Interview: Jeanne Moreau

Jeanne Moreau wasn’t expecting me. The elegant grand-bourgeois apartment was still as Armelle Oberlin, Moreau’s faithful assistant, peered out from behind the heavy wooden entry door. “What interview?” she queried, visibly searching her mind for a reminder, a sign. I possessed, after all, the code that unlocked the forbidding downstairs porte cochère.

Oberlin led me into the library and disappeared into the apartment’s silent folds. As I waited, the gray Parisian light impetuously revealed clues to the maitresse de maison’s personality: books by Nabokov, Heilman, Highsmith, and Wolfe; Fine 120 and Marlboro light cigarettes; texts on numerology and psychology; sheer, sexy, black stockings carelessly tossed over the back of a chair. I was lost in reverie, in some black and white Eric Rohmer moral tale about middle class infidelity, when Moreau’s unmistakable voice called my name and jolted me back to work.

She was wrapped in a pink chenille robe, wild white-blonde hair, and cigarette smoke. At noon, Moreau had just gotten out of bed. I had seen her the night before playing the title role of La Celestine at the Odeon Théâtre. In a dazzling performance as Fernando de Rojas’ manipulating matchmaker-sorceress, Moreau forever climbed up and down the myriad steps of the impressive deconstructivist set of a Spanish village; I knew, this morning, she had to be exhausted. Ever the professional, Moreau rescheduled for later that afternoon.

We sat in the shadow of the Eiffel Tower, in the now familiar library, and spoke a lively combination of French and English. The daughter of a French barman and a Lancashire chorus girl who danced at the Casino de Paris, Moreau is in an abundant period of her life and appears joyfully bien dans sa peau. Besides two critically acclaimed theater runs, film work has kept her traveling nonstop for months. She was on her way back to Russia, where she is shooting Anna Karamazov. Afterwards she will travel to Australia to play a blind woman in Wim Wenders’ Until the End of the World. Moreau may also direct the French stage version of Steel Magnolias, wants to hire Jim Harrison to write a film for her, and hopes eventually to finish directing her series of portraits on the first ladies of American cinema.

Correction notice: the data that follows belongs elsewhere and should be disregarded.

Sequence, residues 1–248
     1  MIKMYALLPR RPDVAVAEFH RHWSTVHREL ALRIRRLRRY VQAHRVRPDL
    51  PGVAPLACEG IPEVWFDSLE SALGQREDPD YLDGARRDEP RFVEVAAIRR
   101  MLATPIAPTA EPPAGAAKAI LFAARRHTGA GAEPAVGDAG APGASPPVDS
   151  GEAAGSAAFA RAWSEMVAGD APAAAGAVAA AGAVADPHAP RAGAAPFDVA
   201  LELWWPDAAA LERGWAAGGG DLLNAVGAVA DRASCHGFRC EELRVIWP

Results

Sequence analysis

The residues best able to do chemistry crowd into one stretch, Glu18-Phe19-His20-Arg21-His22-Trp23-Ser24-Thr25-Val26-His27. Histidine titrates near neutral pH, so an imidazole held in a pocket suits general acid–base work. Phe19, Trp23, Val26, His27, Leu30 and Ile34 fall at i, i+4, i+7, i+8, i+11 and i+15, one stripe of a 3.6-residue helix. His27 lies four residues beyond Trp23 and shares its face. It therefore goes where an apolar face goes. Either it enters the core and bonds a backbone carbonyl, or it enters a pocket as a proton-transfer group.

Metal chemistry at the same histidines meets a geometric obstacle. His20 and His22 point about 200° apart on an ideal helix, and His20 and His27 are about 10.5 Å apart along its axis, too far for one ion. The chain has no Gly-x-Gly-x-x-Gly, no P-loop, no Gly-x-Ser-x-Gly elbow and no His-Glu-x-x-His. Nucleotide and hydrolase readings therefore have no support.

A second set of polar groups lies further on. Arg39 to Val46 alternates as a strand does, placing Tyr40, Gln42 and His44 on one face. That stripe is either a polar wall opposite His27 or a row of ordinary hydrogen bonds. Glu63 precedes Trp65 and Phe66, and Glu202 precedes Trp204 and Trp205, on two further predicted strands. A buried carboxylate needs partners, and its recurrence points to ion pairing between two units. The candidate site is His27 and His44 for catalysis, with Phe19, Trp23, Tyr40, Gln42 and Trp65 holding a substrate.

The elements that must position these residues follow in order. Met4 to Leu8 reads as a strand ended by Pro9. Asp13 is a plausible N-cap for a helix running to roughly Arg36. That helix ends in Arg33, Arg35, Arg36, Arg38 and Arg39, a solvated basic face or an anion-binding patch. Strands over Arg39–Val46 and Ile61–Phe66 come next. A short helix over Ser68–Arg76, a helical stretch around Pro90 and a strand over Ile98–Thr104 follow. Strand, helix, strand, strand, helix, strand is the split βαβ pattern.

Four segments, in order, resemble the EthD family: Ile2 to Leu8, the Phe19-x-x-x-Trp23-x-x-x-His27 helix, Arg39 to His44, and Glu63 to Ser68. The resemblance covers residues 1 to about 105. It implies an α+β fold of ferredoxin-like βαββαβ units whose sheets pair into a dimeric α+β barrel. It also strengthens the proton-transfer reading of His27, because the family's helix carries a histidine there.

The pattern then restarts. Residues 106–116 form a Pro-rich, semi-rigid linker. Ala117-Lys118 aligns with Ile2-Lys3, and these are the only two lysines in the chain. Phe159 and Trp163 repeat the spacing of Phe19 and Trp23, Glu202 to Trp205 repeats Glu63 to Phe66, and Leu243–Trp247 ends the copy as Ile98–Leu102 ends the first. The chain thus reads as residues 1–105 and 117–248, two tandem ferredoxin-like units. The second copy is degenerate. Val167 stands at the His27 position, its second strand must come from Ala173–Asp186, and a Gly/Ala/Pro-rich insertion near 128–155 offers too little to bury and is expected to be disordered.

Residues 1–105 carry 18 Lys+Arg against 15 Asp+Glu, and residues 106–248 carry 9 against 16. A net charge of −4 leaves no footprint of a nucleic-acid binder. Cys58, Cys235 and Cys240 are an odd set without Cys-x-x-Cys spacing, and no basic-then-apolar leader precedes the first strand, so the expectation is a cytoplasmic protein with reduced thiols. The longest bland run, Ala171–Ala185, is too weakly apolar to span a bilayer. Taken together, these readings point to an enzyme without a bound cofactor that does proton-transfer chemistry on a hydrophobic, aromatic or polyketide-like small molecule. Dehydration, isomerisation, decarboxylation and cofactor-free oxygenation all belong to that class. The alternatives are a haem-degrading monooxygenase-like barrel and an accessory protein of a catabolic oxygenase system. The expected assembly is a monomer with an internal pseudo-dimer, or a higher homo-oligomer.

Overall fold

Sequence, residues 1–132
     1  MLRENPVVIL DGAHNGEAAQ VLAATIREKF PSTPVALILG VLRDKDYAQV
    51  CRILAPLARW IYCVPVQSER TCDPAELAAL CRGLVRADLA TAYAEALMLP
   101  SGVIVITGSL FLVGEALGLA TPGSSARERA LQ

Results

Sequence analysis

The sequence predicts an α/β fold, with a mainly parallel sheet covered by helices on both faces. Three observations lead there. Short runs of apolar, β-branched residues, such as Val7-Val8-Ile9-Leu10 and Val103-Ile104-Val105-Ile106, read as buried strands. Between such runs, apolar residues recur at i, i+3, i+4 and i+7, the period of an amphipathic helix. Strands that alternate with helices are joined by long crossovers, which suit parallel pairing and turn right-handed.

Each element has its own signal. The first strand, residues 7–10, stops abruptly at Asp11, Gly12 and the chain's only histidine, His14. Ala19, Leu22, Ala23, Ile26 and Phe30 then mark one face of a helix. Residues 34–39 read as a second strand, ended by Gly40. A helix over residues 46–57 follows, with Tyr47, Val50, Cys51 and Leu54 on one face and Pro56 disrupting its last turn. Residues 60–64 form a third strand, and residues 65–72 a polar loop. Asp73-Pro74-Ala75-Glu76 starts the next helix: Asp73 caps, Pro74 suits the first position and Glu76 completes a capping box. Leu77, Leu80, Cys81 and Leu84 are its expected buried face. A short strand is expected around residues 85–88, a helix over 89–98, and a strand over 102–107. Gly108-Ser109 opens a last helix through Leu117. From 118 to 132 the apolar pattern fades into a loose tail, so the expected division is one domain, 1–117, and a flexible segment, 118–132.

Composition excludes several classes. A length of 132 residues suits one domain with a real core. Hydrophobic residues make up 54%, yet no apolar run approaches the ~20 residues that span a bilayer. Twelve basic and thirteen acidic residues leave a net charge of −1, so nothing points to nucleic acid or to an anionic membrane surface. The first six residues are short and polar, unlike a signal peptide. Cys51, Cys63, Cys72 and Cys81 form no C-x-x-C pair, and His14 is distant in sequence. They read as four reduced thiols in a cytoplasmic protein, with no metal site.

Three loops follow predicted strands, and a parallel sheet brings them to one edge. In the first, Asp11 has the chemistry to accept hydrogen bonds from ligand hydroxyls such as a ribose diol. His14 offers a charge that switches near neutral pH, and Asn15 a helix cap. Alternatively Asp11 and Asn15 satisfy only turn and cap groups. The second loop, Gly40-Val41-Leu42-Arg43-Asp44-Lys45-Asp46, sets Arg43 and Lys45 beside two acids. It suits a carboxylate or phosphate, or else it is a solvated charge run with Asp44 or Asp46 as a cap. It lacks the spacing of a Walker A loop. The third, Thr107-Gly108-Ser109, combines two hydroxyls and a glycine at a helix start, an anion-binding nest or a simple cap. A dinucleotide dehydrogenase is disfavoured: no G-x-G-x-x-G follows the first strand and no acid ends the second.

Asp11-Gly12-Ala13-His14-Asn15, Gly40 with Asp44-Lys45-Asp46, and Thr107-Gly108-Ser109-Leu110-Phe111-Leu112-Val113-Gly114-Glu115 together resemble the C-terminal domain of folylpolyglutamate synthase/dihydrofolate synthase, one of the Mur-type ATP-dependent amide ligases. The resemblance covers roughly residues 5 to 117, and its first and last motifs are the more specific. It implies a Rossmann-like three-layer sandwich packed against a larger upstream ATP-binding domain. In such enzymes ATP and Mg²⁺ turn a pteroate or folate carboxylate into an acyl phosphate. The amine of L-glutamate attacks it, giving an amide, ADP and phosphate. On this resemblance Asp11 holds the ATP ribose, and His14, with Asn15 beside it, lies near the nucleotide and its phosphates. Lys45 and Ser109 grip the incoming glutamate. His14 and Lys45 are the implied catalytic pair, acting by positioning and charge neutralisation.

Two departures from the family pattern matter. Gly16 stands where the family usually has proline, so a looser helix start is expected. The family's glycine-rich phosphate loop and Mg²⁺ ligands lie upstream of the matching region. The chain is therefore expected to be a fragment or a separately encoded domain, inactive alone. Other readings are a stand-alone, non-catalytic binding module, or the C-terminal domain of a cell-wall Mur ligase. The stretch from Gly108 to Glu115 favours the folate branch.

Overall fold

A month later, I ran into Moreau in Florida at the Sarasota French Film Festival, where she was being honored with a special tribute. Since our Paris interview, her mother had died; when we hugged and I offered my condolences, there were tears in her eyes. In her 60s, Moreau still tried to please her mother. In Paris she beamed over a rave review of La Celestine from the London Times; it meant even more to her than the French critiques, since her mother, who lived in England, had seen this one in the paper. Moreau was reluctant to stay for the Sarasota screening of Jules and Jim—she was afraid she would cry, afraid she would be flooded with memories of her mother who had been with her on the set during the filming.

Ever the professional, Moreau remained in the theater after the tribute. In the darkness, she took her seat. In the darkness, her eyes, dry, remained glued to the screen.

Jules and Jim

You’ve come full circle: summer 1989 you were performing La Celestine with the Comédie Française at the Avignon Festival where you actually made your stage debut many years ago.

It seems symbolic. But it’s only a symbol on a calendar. It doesn’t really affect me deeply.

I started acting in 1947, so I’ve come back to the Comédie Française after 42 years with all this energy, this vitality—I’m obviously not aging in a conventional way. On the other hand, death, the end of a life, affects me.

Life is about chance meetings. Some people live sorry lives where they stay in the same spot and frequent the same people. My destiny is such that, as an actress, many people have the desire to meet me and have sought me out. I’ve just worked on a Soviet film where I’m the only French person. My life is like that. Or, I met Klaus Michael Gruber, the director of La Zerline, and he introduced me to the play, which we performed throughout Europe and which we’ll next take to Tokyo and then to Broadway in 1991. It’s all about chance.

You obviously identify with Jim when he says, in Jules and Jim, “Je suis un curieux.